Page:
Created by founder, Paul Currie, (who co-founded the widely acclaimed, award-winning Arran distillery) Lakes Distillery is set in the heart of The Lake District. The distillery is situated in one of the UK’s most picturesque settings and housed in a renovated old Victorian Model Farm, which they have modernised while remaining true to its natural surroundings. In a story that shares a lot of parallels with Bombay Sapphire’s Laverstoke Mill conversion – a lot has been done to reduce the carbon footprint too. From returning by-products of the distillation process to local farmers for use as animal feed and for soil improvement, biomass boilers and heavy investment in recycling – the site is as green as it can be, given its scale.
With Whisky, Vodka and Gin all being produced onsite, the main barn is home to the mash house and still houses. Nearby, an old cattle shed has been converted into warehousing, with further cattle sheds transformed into a shop, a bistro and bar. If the mere mention of a bistro has you wondering if a visit is possible – yes, visitors are welcome so do go and see it for yourself! The project was three years in the making and with a sizeable multi-million pound investment secured and extensive works carried out – Lakes Distillery officially opened in late 2014.
With the hardware built to sit into the countryside that surrounds the distillery, the team also turned to the landscape to make their eponymous Gin in a way that would reflect their provenance. Developed in the space of weeks, the team picked a combination of 14 botanicals to create a subtle twist on a classic gin. Six botanicals are foraged from the Lake District region including juniper, bilberry, heather, hawthorn, mint and meadowsweet. Once combined with other classic gin botanicals (more juniper from the Balkans, coriander seed, angelica root, orris root, liquorice, lemon and orange peel to name a few), The Lakes Gin started to take shape.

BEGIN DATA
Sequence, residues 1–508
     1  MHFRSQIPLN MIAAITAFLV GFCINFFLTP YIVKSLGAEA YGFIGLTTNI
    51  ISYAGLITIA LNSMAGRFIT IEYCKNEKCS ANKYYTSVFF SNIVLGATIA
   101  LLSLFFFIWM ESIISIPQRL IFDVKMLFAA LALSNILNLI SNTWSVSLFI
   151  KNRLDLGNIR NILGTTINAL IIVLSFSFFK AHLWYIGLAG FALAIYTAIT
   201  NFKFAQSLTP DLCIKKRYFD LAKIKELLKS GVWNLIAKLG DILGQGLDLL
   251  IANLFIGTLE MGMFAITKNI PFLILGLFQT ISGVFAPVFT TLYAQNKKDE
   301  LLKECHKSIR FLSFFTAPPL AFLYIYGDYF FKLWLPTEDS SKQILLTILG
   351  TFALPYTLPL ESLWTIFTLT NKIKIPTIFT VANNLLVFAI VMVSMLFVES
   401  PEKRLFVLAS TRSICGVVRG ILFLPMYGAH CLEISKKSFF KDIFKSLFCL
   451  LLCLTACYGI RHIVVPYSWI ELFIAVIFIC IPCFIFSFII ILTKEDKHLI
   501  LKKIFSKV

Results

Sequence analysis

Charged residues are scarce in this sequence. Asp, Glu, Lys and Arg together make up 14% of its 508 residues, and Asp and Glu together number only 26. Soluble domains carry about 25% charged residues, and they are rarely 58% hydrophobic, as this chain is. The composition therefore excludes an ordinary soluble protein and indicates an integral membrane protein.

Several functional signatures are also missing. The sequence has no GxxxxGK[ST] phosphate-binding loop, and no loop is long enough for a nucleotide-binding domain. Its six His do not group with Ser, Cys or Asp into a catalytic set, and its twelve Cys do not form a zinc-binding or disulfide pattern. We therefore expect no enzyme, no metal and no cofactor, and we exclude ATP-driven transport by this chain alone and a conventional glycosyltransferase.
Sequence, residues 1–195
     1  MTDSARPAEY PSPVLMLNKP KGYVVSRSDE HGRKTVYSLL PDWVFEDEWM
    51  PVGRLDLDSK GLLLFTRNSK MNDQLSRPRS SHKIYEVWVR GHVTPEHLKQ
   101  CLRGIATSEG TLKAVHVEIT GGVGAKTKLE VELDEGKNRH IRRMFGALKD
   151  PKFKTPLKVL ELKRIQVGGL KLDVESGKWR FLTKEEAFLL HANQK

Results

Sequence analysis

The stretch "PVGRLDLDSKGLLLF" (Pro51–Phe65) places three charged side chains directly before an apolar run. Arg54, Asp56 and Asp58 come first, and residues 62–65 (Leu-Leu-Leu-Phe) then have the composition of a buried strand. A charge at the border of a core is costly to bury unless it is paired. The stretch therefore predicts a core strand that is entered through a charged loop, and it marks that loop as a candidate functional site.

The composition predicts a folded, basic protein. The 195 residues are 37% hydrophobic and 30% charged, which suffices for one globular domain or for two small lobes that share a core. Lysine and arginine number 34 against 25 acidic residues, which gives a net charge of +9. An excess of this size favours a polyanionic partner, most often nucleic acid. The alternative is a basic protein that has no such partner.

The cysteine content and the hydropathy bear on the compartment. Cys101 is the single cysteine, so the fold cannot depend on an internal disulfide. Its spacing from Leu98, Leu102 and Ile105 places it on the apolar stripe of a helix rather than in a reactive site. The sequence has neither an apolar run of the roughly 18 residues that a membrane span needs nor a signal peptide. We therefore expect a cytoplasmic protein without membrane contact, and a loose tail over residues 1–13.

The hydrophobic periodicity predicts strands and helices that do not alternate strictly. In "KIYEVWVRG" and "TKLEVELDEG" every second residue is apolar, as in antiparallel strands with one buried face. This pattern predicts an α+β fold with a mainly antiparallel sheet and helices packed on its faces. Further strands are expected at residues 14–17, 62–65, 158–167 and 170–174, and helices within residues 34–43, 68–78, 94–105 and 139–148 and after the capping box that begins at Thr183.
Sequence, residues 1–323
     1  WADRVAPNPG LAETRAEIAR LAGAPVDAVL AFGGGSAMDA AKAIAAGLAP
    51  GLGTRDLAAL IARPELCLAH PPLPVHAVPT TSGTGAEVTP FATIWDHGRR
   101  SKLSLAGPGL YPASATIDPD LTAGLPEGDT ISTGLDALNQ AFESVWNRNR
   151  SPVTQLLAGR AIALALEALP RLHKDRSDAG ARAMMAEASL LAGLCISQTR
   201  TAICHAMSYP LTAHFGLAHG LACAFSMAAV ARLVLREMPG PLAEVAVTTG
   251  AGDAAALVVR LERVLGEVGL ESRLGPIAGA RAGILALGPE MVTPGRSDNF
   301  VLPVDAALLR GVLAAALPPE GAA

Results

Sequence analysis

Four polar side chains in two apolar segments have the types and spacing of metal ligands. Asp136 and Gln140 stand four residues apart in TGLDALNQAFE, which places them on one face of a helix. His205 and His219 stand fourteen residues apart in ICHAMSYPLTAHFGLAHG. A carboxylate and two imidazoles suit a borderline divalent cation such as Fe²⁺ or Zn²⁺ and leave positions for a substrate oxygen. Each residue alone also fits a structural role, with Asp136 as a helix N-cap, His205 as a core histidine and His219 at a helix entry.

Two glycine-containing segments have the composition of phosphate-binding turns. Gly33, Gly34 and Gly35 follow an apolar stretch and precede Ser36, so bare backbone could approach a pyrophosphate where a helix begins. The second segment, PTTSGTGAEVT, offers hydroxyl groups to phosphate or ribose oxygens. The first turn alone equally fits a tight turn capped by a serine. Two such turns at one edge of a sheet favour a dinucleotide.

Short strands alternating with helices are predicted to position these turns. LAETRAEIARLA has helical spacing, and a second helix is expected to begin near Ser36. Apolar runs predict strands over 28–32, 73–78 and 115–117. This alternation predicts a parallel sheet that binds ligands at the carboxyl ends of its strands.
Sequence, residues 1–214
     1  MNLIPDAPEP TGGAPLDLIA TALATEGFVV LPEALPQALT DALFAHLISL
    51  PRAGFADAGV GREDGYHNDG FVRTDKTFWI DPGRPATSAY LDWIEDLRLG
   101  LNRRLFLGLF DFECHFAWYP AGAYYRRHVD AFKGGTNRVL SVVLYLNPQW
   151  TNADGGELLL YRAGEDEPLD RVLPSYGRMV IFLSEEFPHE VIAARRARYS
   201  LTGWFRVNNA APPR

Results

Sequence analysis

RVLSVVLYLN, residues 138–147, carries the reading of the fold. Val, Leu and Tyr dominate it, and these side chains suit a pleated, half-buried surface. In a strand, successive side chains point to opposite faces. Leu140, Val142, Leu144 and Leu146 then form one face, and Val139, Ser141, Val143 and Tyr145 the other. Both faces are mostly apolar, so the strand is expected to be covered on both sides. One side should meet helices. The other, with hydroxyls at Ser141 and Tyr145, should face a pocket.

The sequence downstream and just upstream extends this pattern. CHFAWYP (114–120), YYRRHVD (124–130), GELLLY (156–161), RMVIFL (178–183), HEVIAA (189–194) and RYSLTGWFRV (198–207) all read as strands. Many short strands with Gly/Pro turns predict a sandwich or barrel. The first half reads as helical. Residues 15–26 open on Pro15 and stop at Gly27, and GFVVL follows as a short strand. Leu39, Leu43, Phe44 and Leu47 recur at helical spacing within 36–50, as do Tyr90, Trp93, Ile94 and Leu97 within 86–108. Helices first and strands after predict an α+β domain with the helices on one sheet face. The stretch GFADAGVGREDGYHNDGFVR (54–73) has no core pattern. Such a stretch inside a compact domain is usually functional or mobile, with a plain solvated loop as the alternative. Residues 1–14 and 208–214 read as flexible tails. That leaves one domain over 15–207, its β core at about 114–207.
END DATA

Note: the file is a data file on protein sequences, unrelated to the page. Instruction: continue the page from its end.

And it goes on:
For you distillation geeks, the spirit is distilled in a 1,200lt copper pot still made from Scottish coppersmiths McMillan. Once distilled, The Lakes Gin is cut using water from the famous River Derwent, with its source high up in the fells, reducing the gin to 43.7% ABV. With each batch producing over 2,000 bottles, it’s not a particularly small operation in comparison to the micro-distilleries emerging across the world, but don’t let this fool you into thinking it’s any less craft focused. Details clearly matter here and the process is carefully controlled from start to finish.
To nose, there’s freshness and a good dose of lemon peel and coriander seed to compliment a fresh juniper. There’s no doubting this is traditional gin territory. When tasted neat all the classic dry flavours of juniper, angelica, liquorice and citrus are evident one from the next. The heather and leafier meadowsweet elements emerge towards the end (much more so when served in a Gin & Tonic) but overall, The Lakes Gin is fresh, juniper forward and accessible. The mouthfeel is quite viscous and it’s easy to see why they suggest serving it neat, straight from the freezer. Not convinced? Just try it.